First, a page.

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Exercise, avoiding stress and having a high level of intellectual activity help protect against Alzheimer's disease

Photo: Unsplash/Val Vesa

04/10/2018
Ainhoa Sorrosal
Doing this oxygenates the neurons and increases the surface area of the brain attacked by the disease

In Western societies, Alzheimer's disease affects 10% of the population over 65. Just in Catalonia, there are almost 90,000 cases, and more than 800,000 in Spain as a whole. It is a very common degenerative disease but, so far, no drugs have been found that can cure it. Current effort is focused on early detection, palliating symptoms and, in the early stages, slowing down the disease's progression.

The neuroscientist Diego Redolar, director of the Cognitive NeuroLab research group and professor at the UOC's Faculty of Health Sciences, points out that there are certain habits that help our brain become more resistant to attack by the disease and delay the onset of symptoms.

  • Exercise. Scientists disproved quite some years ago the belief that after a certain age in adulthood, the brain stopped creating new neurons. As Redolar explains in the book El Cerebro Cambiante (The Changing Brain) (Editorial UOC), "the process where new neurons are formed – neurogenesis – also takes place in adulthood". In this respect, regular physical activity is beneficial because it has been shown to promote the creation of new neurons in the hippocampus.

    Furthermore, practising sport oxygenates the blood and improves vascularization and blood supply to the brain and nerve tissue. It also helps preserve the neurons, which are particularly sensitive. "It is not the profusion of stimuli that triggers the birth of new neurons but the physical exercise we perform in response to these stimuli", explains the neuroscience specialist. Thus, "exercise is not only beneficial for forming new neurons; it also helps maintain balance and an optimal environment in our brain". Lastly, exercise also stimulates the release of a molecule that plays an important role in the experience-related rearrangement that takes place in the brain.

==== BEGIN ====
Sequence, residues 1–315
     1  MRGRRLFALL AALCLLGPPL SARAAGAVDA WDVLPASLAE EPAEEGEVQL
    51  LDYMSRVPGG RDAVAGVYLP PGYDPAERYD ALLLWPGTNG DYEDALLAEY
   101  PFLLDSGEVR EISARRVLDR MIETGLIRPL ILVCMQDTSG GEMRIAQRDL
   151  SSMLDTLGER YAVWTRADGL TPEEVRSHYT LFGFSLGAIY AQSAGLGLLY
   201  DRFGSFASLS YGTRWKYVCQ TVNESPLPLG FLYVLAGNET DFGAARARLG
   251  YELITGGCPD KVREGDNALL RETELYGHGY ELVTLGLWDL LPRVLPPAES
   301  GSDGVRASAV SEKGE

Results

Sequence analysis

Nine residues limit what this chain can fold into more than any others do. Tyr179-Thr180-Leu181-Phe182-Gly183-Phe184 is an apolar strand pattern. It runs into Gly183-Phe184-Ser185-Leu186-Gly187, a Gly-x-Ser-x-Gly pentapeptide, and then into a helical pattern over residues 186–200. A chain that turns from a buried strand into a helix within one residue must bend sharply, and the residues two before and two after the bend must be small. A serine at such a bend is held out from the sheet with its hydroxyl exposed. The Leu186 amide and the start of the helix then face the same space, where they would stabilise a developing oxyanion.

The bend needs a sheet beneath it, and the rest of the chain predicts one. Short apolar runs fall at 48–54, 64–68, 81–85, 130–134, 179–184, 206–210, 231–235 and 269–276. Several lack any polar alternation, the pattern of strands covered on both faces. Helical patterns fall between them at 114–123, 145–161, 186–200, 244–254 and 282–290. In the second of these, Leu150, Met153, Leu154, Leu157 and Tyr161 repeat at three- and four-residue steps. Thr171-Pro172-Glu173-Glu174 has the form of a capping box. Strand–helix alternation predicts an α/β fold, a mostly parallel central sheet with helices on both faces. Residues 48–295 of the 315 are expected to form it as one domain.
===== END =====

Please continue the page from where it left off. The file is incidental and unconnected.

• High level of intellectual activity. "Middle-aged people who engage in a high level of intellectual activity – reading, doing crosswords, etc – generate what the experts call "cognitive reserve". This reserve, explains Redolar, is the brain's ability to cope with neural changes brought about by ageing or illness, thereby modulating the relationship between brain injuries and their clinical manifestations and limiting the negative impact on cognition. The effect, therefore, is "a delay in the emergence of symptoms".

    This has been shown in a number of studies using magnetic resonance. Individuals with a significant genetic load for developing the disease, or even those who already have it, have managed to delay the appearance of symptoms with this intellectual reserve which, somehow, has been able to offset the clinical factors. UOC course instructor David Bartrs-Faz has also worked in this field. He currently leads the brain health project Barcelona Brain Health Initiative, sponsored by the Institut Guttmann and Obra Social "la Caixa". The ultimate goal is to discover how healthy habits can impact on neural plasticity, which is the nervous system's intrinsic ability to modify its structure and neural connections to develop new abilities and adapt to changes.
     
  • Avoid stress. If exercising oxygenates the blood, stress does the exact opposite, with devastating effects on the neurons. Therefore, stress must be avoided, seeking a healthy balance that stimulates the brain but without burning it, literally.

 

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Photograph of Diego Redolar Ripoll

Diego Redolar Ripoll

Expert in: Neuroscience and psychobiology (biological bases for learning, memory, emotions and reinforcement).

Knowledge area: Psychobiology and neuroscience.

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David Bartrs

Course instructor at the Faculty of Health Sciences.

Expert in:

Knowledge area: Psychobiology and neuroscience.